Headline goes here
Grant Barrett, lexicographer, radio personality, and one of the Voices of San Diego, posed a question for me on Twitter today:
Do you know of a comprehensive list of the tired-isms on the order of "spark debate," "stir controversy," etc.?
Brother, I’ve seen them all.
Stir debate, stir controversy, and their variants crop up when a lack of space—or imagination—prevents the copy editor from telling you what the casus belli is.
Making use of the dated slang that constitutes much of headlinese—nab, nix, lambaste, tout, heist, finger (v.), slay, blast and rap (for criticize), moniker—seems unlikely to capture many readers in the current century.
Pun headlines, particularly pun headlines that use non-standard spelling, are worse than tired. No headline writer with any self-respect or common decency should ever write a headline for a story about a cat using “purr-fect.” No one outside a sports section should ever pun on a person’s name.
Allusions are probably not as fresh and original as you think they are. Some common headline gimmicks that are staler than that chunk of wedding cake you took out of the freezer on your first anniversary:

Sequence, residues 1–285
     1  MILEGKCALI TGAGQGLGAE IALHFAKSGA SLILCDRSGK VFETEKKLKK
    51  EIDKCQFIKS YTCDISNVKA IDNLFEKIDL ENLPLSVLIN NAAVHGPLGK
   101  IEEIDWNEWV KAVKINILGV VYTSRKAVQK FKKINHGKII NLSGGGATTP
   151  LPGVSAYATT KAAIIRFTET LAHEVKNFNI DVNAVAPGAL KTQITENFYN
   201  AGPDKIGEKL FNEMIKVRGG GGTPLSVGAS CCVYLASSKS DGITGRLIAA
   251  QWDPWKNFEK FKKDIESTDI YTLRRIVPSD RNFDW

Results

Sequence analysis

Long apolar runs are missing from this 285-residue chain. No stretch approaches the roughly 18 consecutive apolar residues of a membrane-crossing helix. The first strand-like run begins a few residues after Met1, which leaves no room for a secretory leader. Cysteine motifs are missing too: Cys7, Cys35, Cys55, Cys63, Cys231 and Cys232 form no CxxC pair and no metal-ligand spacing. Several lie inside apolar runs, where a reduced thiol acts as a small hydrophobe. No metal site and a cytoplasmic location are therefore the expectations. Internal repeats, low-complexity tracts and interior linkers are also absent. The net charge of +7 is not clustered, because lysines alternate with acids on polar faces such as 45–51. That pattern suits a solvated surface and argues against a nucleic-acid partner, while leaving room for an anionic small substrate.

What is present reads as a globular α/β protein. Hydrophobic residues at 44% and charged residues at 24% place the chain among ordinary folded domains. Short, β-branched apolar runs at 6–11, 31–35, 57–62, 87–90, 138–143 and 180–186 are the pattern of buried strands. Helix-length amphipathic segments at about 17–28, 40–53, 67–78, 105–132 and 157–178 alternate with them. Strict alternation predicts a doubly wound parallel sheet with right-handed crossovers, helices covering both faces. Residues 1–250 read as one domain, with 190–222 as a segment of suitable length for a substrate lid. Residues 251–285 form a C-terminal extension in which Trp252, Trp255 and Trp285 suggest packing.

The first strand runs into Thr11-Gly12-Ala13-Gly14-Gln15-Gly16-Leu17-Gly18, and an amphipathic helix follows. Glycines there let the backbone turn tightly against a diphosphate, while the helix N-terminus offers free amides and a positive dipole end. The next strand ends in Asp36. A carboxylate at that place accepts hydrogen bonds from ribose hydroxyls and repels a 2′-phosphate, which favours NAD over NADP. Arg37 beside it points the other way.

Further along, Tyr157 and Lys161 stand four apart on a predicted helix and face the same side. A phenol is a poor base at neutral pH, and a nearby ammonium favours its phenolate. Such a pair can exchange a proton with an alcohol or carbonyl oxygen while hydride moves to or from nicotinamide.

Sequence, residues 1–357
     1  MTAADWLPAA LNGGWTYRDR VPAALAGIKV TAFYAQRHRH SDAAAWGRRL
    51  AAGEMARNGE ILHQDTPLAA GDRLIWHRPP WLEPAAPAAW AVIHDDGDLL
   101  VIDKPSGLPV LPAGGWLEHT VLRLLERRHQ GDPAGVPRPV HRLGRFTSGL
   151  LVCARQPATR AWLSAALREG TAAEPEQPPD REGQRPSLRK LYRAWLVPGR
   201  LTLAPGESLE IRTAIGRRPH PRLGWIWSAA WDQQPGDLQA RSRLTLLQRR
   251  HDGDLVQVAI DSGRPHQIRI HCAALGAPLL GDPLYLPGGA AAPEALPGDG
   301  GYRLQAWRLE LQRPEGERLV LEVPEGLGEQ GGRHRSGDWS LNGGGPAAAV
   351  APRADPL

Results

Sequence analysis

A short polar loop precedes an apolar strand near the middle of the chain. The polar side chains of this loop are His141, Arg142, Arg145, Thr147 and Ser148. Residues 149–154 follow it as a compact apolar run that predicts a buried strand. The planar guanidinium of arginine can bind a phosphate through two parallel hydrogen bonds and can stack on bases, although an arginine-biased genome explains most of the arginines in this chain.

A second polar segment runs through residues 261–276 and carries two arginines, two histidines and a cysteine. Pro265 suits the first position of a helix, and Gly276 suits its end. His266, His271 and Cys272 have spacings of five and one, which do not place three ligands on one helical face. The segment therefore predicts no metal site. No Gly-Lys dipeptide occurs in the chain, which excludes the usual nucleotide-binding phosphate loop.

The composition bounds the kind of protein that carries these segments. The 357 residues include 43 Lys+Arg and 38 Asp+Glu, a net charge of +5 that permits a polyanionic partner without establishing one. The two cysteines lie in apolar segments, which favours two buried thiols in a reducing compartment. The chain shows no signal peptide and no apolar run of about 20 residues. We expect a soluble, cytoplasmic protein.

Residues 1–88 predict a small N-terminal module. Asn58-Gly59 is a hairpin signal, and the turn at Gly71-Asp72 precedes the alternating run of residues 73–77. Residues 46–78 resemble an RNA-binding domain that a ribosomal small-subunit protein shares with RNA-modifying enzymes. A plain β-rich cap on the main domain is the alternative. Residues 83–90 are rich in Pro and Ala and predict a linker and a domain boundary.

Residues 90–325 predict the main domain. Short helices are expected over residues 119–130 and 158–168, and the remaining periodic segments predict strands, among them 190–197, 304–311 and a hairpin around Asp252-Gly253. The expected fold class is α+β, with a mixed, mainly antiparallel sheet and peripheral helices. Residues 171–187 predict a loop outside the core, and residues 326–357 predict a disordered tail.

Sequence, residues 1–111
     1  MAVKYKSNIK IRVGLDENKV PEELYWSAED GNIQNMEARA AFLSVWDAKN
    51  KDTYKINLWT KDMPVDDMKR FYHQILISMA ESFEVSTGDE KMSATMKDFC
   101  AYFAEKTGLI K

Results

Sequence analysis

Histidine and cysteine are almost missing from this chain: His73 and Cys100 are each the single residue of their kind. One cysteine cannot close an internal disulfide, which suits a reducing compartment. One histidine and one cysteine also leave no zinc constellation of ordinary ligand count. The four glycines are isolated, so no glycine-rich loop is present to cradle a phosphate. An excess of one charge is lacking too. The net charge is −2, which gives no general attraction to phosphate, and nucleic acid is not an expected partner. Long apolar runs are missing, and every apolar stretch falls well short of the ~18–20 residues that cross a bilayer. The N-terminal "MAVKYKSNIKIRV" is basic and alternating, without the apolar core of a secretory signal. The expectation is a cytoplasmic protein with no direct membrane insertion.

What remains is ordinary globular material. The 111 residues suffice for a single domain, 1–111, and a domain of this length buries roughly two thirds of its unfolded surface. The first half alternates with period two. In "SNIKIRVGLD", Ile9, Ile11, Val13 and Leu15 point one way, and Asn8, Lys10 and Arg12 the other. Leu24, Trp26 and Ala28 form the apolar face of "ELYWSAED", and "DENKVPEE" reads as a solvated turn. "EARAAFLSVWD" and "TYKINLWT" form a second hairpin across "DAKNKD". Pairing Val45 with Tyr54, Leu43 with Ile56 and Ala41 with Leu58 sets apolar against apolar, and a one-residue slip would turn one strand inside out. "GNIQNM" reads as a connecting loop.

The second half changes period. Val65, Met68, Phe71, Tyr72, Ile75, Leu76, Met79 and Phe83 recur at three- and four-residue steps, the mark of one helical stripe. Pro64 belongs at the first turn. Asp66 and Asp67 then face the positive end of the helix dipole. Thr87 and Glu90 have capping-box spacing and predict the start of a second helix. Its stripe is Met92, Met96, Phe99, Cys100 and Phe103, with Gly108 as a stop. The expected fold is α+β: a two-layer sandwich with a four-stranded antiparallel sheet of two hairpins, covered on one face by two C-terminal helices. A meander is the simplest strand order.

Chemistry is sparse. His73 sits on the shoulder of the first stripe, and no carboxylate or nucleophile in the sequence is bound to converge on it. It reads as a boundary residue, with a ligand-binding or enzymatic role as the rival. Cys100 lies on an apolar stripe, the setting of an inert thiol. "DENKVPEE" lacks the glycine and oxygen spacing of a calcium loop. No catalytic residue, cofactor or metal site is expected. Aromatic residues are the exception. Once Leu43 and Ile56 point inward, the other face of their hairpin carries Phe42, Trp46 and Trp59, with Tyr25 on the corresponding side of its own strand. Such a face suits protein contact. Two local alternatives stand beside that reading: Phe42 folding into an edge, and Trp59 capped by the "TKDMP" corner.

If you build X, they will come
It’s official ...
The ___man cometh
Any headline that uses the archaic –eth suffix, which will almost always be grammatically incorrect as well as strained.
Still X after all these years
Show me the X
The X stops here
The X are alright
Making it all right makes it no better.
X is the new Y
But, unfortunately, I do not have a comprehensive list of the stock devices to which the lazy and dull-witted resort—nothing comparable to Tom Mangan’s Banned for Life compilation of cliches. I could use some help. Grant Barrett could use your help. I’ve given you a start. And there’s the set of holiday cliches posted previously. How much farther can you take us?